May 19, 2014

Article at Washington Post

View original

Former NSA director’s view of the Internet looks a lot like China’s

Michael Hayden, former director of the NSA and the CIA using air quotes at an event earlier this year. (Mark Wilson/Getty Images)

BEIJING -- Former NSA and CIA Director Michael V. Hayden’s comments on the Internet this weekend in Washington, and his declaration that Gmail is the preferred online service of terrorists, sounded eerily reminiscent of the sort of argument one might hear here in China.

An unregulated Wild West, an electronic Somalia, where anonymity breeds a lawless free-for-all. But at the same time, a useful tool collecting information on enemies of the state, data that the government simply “takes a picture of … for intelligence purposes.”

Hayden portrayed the Internet as a source of danger, a threat to national security severe enough to warrant a level of government intervention and monitoring that might make many citizens uncomfortable. As it happens, this is awfully close to the view that the Chinese Communist Party takes of the Web. While the U.S. and Chinese governments obviously handle it in very different ways, for example with censorship widespread on the Chinese Internet, it's striking to see the similarities in how the two governments seem to think about the Web.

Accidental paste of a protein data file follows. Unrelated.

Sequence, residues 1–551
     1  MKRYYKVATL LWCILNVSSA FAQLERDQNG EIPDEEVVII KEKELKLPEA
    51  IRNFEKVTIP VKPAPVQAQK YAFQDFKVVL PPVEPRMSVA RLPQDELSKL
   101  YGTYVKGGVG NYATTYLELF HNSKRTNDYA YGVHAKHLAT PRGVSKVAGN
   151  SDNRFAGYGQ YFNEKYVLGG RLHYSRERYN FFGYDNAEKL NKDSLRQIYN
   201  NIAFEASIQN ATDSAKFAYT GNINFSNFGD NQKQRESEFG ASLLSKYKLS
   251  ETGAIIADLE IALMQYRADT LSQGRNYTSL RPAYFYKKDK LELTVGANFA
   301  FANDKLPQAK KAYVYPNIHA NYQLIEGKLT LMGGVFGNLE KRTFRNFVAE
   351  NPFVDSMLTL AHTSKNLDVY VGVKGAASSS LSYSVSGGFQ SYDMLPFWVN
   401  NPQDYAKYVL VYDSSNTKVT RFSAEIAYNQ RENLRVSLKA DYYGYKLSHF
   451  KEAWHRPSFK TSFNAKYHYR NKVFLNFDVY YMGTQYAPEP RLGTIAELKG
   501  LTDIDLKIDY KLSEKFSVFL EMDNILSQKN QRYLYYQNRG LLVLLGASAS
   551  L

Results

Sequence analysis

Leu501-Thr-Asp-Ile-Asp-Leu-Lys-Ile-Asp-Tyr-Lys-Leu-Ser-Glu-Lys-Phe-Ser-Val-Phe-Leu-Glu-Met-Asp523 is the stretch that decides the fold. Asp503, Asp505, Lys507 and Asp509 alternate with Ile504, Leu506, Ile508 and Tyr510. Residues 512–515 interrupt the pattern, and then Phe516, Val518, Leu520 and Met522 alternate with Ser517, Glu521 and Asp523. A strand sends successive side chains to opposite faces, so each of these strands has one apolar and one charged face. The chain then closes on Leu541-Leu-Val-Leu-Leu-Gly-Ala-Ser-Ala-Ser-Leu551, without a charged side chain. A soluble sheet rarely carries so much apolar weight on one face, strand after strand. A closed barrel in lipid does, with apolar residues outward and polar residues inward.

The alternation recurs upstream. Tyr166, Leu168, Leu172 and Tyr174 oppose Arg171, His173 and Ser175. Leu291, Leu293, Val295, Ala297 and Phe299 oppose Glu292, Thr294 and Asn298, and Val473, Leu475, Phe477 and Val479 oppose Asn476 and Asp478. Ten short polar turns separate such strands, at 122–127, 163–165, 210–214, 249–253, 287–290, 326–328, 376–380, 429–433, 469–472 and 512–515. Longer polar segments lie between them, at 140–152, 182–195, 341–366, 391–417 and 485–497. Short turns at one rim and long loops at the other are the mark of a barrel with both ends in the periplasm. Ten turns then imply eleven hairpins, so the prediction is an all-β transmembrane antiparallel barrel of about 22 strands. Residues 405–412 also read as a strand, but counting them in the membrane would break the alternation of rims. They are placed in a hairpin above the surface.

Indeed, on the same day Hayden was speaking in a church across from the White House, a Chinese American blogger and businessmen was making broadly similar points in Beijing as he was paraded on Chinese state-run television, confessing to having abused the freedoms offered by social media.

“It’s not right for [popular bloggers] to behave higher than the law,” Charles Xue said, in handcuffs after his recent arrest. “If there is no moral standard or cost for slander, you can’t manage the Internet. And there are no limits. It becomes a big problem.”

Xue was arrested last month on charges of hiring a prostitute, but many observers link his arrest to a broad crackdown on the Internet and social media underway in China. The views he expounded Sunday -- that the Internet needs to be more closely regulated by the government, and that people abusing its freedoms deserve imprisonment -- probably have less to do with his own views than those of the Chinese government.


Perhaps it should come as no surprise that security-minded types across the world feel slightly uncomfortable with the global free-for-all that the Internet represents. It certainly is not a surprise that spy services in both the United States and China also use the Internet to spy on each other, and on their own citizens, when they deem it necessary.

The biggest difference, perhaps, is that Hayden acknowledged in his speech the interplay between security and liberty, and the need to preserve freedom of speech. In China, freedom of speech is one of those “dangerous Western influences” about which the government has reportedly banned official discussion since President Xi Jinping came to power.